ow can I
hope to convey to any reader my idea of Sydney?'' asks the novelist
Peter Carey near the end of ''30 Days in Sydney,'' his ''wildly
distorted'' account of a visit to the city he once called home. ''I
have seen nothing to equal it in the way of landlocked scenery, in
the particular relationship between the races, in the easy tolerance
of crime and corruption, in the familiar mingling you can witness on
the footpath outside Bar Coluzzi any morning, where you may find
judges and writers and the euphemistically labeled 'colorful racing
identities' all bunched happily together in the sunshine.''
In this passage, Carey echoes the words of an earlier Sydney
chronicler, Anthony Trollope (''I despair of being able to convey to
any reader my own idea of the beauty of Sydney Harbor''). But two
more dissimilar perspectives can hardly be imagined. Whereas
Trollope, in his 1873 travelogue ''Australia and New Zealand,'' was
free to adopt the complacent attitude of an imperial tourist, Carey
-- being Australian by birth, being modern, being Peter Carey -- is
burdened with a more conflicted sensibility. His frank and restless
book percolates with ambivalence, evincing a complicated attitude
toward everything from the language used by Australian airline
employees to the oddly genial attitude of Sydney's bike thieves. His
view of this paradoxical city -- where the past is ''both celebrated
and denied'' -- comes filtered through a tangled self-consciousness
that his Victorian predecessor would have found entirely foreign.
Carey (the author, most recently, of the novels ''Jack Maggs''
and ''True History of the Kelly Gang'') also distinguishes himself
from Trollope in having a greater repertory of narrative strategies
at his disposal, and his book unfolds in many forms -- through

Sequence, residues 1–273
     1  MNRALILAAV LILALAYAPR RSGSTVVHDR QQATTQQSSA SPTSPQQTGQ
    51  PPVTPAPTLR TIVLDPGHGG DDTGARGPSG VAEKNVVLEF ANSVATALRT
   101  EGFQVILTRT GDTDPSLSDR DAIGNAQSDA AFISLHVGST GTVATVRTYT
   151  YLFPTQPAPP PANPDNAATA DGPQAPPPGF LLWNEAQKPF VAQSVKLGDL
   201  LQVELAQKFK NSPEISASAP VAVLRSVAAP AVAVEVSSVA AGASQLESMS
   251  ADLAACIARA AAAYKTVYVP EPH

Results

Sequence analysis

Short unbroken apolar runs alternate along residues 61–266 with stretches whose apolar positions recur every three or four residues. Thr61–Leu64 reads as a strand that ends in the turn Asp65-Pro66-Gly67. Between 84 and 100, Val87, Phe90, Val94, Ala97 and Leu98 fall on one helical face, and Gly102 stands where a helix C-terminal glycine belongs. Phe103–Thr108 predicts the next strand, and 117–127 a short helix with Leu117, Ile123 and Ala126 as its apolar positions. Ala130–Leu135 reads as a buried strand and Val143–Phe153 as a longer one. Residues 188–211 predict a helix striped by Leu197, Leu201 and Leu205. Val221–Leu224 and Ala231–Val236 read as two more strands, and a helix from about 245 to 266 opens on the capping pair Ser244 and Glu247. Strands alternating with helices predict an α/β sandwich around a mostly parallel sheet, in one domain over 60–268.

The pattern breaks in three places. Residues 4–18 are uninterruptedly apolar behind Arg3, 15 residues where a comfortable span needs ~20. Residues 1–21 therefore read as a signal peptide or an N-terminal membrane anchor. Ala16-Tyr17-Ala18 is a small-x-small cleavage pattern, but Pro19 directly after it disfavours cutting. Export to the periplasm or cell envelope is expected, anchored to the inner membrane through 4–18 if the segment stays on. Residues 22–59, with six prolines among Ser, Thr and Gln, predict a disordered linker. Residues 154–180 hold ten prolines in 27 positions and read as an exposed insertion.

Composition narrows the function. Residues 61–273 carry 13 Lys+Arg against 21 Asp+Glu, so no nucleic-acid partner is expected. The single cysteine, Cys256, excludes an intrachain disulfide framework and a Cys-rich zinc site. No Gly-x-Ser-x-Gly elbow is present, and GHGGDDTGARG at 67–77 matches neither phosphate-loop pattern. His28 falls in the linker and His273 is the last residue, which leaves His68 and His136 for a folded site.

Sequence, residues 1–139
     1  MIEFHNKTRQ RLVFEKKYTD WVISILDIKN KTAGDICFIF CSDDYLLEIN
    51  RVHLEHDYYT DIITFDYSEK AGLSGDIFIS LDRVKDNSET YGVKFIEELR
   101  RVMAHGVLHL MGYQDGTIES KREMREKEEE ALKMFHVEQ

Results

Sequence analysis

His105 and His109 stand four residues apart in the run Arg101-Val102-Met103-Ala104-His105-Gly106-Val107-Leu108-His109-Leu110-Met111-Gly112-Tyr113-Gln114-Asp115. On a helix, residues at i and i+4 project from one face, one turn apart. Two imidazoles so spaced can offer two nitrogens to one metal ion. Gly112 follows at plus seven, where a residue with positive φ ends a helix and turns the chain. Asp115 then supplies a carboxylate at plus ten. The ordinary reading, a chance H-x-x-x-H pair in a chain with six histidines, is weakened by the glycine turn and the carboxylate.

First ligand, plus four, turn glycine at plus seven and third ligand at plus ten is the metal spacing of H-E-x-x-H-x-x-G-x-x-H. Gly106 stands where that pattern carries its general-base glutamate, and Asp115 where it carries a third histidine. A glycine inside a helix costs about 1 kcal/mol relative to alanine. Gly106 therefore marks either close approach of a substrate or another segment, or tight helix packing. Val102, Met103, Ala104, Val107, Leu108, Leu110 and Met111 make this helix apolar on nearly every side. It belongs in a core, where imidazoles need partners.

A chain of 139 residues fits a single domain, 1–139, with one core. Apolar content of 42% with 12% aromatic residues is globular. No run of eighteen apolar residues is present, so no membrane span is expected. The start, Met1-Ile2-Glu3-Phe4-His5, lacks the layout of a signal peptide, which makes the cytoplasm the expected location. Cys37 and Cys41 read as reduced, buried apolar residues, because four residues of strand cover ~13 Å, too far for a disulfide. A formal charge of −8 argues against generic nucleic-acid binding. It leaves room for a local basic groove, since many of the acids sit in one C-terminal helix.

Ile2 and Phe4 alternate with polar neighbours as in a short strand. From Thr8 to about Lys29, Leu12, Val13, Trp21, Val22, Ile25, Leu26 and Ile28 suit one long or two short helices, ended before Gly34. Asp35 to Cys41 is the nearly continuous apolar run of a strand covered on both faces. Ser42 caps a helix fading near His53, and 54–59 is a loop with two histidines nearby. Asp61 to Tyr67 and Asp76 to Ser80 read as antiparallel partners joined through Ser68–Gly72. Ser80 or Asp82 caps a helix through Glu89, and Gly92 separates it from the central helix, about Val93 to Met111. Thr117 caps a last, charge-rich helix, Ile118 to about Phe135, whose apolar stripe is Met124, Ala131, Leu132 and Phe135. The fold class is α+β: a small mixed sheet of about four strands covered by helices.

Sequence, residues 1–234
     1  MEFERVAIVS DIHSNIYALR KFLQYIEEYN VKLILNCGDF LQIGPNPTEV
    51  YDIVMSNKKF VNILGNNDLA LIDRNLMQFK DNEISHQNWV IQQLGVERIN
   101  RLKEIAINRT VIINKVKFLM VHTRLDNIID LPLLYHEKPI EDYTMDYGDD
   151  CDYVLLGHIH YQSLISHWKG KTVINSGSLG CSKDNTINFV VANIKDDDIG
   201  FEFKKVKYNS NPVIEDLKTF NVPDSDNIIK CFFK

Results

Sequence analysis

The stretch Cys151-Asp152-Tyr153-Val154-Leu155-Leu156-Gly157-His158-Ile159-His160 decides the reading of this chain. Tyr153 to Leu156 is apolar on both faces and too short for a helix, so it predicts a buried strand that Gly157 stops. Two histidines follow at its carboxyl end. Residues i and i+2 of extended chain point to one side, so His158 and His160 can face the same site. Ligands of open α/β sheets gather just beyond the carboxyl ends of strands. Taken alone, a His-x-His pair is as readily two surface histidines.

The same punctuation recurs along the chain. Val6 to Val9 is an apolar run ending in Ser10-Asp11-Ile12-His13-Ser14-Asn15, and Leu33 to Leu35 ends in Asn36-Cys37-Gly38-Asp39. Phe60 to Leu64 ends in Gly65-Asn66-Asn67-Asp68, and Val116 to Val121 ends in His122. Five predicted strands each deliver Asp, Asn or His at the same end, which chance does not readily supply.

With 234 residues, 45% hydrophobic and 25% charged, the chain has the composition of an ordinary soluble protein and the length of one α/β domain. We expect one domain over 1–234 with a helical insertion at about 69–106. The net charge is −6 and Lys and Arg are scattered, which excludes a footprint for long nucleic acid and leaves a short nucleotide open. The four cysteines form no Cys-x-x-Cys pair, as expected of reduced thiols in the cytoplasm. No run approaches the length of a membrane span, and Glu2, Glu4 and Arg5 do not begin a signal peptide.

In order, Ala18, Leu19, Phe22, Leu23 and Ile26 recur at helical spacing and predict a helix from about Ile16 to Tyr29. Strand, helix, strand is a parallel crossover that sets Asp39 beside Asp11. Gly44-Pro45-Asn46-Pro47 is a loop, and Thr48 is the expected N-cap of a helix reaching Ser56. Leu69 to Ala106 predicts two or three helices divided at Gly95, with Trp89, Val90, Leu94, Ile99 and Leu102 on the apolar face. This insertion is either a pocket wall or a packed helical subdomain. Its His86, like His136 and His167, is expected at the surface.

arguments, dreams, anecdotes and tirades. Many of these originate
with Carey's local friends, a lively, foulmouthed crew whose
conversation is marked by a refreshing intolerance of cant and
sentimentality. At first glance, they may strike readers as a
familiar collection of erstwhile bohemians who now find themselves
numbering, with one or two exceptions, among the dreaded
middle-class elite. But while their American boomer equivalents have
mostly said farewell to bongs and all-night debauches, these former
hippies and dole bludgers don't seem to have let midlife
respectability quash their taste for wild behavior.
Carey arrives in Sydney with a plan to collect from these friends
their stories of ''Earth and Air and Fire and Water'' -- the natural
elements that dominate this sea-washed, mountain-fringed city. And,
with a little coaxing, his mates cooperate, feeding him tales of
boating disasters in gale-force winds, raging wildfires and plunges
into 2,000-foot canyons, all of which evoke the casual heroism and
frontier-style self-sacrifice of the Common Bloke down under.
But as interesting as these stories are, they are delivered
prefabricated, with well-meaning agendas attached. More revealing
are the spontaneous arguments that flare up in the course of Carey's
visit. ''Look, you're all so critical of everything,'' says one
friend, now a high-placed government functionary, to a group of
squatters bemoaning the commercial development of the city. ''You